His approval rating has risen to 51%, the first time a majority of Americans have approved of the job he's doing as president since the brief boost he got after the killing of Osama bin Laden last year. In the poll, the president's narrow lead nationwide expands a bit in the 12 swing states but is still in single digits. (The swing states: Colorado, Florida, Iowa, Michigan, Nevada, New Hampshire, New Mexico, North Carolina, Ohio, Pennsylvania, Virginia and Wisconsin.)
If Romney needs to use the debates to convince voters he understands their lives, Obama's task is to convince them he can be trusted to make those lives better.
"With an incumbent president in a debate, the principle question is: Should you be re-elected? Do you deserve four more years?" McKinney says. "Obama has to go beyond his message of 'it could be worse.' He needs to try to resurrect some of the 'hope' message that it will get better."
What history has shown
Debates can be powerful.
Ten of the past 13 presidential elections have included televised debates. In three of them (1960, 1980 and 2000), the eventual winner went into the first debate trailing in the Gallup Poll and came out of the last one ahead. In two more (1976 and 2004), the eventual winner lost significant ground during the debates. That opened an opportunity for the underdog in the campaign's final days, although in the end it didn't change the outcome.
Debates can't take a runaway race and make it a contest. In 1984 and 1996, popular incumbents Ronald Reagan and Bill Clinton swept to easy victories over Walter Mondale and Bob Dole. In 2008, the nation's financial collapse, not the debates, defined the campaign's final weeks and contributed to Obama's victory over John McCain.
When the contest is relatively close, especially if one of the candidates isn't well-known, the debates can narrow a race or even swing it.
Consider the impact in two of the three most recent elections:
In 2000, Al Gore went into the first of three debates leading George W. Bush by 8 points. After faceoffs in which his demeanor, his exaggerated sighs and even his makeup drew criticism, Gore trailed Bush by 4 points after the last one. Gore ended up narrowly winning the popular vote but losing the Electoral College, a split decision that presumably would have been avoided with a wider lead.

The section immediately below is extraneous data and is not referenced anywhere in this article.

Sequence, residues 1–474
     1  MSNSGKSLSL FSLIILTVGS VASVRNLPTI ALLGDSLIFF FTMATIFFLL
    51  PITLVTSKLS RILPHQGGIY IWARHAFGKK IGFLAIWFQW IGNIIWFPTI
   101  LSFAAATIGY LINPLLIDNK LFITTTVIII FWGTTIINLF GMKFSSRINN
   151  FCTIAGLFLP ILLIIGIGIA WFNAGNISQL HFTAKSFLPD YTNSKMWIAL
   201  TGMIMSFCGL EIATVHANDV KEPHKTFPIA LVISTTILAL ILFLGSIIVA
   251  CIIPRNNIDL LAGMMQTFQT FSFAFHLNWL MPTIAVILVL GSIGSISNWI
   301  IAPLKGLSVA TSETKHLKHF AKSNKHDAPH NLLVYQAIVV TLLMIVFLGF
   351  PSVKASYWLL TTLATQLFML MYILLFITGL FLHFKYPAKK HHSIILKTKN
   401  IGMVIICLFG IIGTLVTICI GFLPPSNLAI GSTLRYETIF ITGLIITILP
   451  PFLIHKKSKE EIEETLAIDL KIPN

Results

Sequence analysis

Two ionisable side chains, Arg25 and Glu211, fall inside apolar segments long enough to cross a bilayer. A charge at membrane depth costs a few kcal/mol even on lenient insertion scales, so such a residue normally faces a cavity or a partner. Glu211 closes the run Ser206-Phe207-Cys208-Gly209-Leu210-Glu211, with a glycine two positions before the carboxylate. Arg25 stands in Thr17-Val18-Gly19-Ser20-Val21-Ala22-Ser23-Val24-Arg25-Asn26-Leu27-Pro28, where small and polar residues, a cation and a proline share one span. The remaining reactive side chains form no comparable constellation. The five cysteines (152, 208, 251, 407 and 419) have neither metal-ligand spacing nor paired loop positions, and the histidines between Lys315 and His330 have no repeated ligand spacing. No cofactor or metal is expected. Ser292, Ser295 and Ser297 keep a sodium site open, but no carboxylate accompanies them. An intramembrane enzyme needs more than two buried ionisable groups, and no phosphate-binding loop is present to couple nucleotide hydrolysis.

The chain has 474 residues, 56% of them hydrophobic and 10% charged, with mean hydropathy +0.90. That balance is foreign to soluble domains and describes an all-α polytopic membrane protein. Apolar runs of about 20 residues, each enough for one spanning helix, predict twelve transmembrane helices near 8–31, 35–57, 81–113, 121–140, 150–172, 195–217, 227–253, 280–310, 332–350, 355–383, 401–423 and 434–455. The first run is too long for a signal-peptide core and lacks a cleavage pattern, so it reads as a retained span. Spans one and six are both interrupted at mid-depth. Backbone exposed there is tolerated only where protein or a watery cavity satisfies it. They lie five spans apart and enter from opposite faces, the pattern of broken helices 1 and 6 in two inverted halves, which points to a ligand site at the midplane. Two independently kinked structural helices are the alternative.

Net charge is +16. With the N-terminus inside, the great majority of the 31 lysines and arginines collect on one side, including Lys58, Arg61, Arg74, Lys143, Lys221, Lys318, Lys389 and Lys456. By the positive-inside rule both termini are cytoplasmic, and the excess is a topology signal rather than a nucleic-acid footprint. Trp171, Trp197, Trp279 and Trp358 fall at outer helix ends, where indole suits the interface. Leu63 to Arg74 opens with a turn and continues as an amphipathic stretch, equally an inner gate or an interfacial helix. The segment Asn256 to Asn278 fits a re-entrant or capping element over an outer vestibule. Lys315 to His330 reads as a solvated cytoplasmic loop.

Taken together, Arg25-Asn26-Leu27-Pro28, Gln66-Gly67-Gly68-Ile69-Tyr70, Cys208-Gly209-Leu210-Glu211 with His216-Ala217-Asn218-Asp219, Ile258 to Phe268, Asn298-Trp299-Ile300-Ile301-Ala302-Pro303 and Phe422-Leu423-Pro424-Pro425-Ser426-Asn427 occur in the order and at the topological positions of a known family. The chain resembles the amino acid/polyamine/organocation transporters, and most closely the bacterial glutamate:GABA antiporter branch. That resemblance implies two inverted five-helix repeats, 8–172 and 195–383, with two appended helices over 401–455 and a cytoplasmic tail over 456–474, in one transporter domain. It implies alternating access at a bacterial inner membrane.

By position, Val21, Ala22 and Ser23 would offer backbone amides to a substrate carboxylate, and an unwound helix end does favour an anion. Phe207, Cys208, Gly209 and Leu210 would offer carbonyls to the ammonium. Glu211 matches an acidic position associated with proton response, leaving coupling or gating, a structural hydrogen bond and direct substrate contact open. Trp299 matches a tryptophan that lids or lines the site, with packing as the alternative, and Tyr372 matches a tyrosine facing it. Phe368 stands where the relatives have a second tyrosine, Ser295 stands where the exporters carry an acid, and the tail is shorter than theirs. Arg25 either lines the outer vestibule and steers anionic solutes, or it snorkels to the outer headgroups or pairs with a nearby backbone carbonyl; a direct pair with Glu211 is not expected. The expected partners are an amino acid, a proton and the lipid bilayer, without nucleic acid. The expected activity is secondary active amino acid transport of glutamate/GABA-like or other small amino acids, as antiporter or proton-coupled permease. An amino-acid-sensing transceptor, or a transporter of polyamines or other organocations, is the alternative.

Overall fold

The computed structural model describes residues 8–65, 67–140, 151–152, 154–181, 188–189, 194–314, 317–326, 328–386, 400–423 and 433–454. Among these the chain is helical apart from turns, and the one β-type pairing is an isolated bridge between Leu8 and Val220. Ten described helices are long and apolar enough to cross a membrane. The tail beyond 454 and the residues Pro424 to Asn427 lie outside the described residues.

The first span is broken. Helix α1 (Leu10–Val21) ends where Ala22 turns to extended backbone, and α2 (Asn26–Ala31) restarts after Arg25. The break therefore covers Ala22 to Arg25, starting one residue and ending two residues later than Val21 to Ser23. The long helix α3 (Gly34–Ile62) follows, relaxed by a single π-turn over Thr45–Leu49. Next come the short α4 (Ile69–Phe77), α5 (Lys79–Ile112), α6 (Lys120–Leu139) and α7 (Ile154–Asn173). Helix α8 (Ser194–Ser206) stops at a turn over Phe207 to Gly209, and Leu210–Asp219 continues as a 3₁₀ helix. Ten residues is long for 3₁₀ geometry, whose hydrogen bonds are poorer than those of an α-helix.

The lead in the race also switched after the debates in 1960 and 1980, two contests with iconic debates. John Kennedy's appeal over a pale, sweaty Richard Nixon in 1960 stands as an object lesson for politicians in the television age. In 1980, Ronald Reagan's reassuring mien in his only debate with then-president Jimmy Carter - and his closing "are you better off?" query to voters - gave him a crucial boost.
In 2004, John Kerry went into the first of three debates trailing Bush by 11 points; he came out of the last one 3 points behind. Kerry failed to get it closer. On Election Day, Bush won a second term by 3 points.
This time, Americans by 57%-33% expect Obama to do a better job in the debates. Even 17% of Romney voters predict Obama will prevail; just 2% of Obama supporters expect Romney to do better.
Steve Elmendorf, a Democratic veteran who was Kerry's deputy campaign manager, sees parallels this time with the 2004 race and calls the debates critical. "There is a very small group of undecideds in this election, and maybe they won't watch all the debates," he says. "But my guess is their opinions will be moved by the debates.
"Romney is behind, and he needs to change the dynamic. His next opportunity, his last opportunity, is these debates."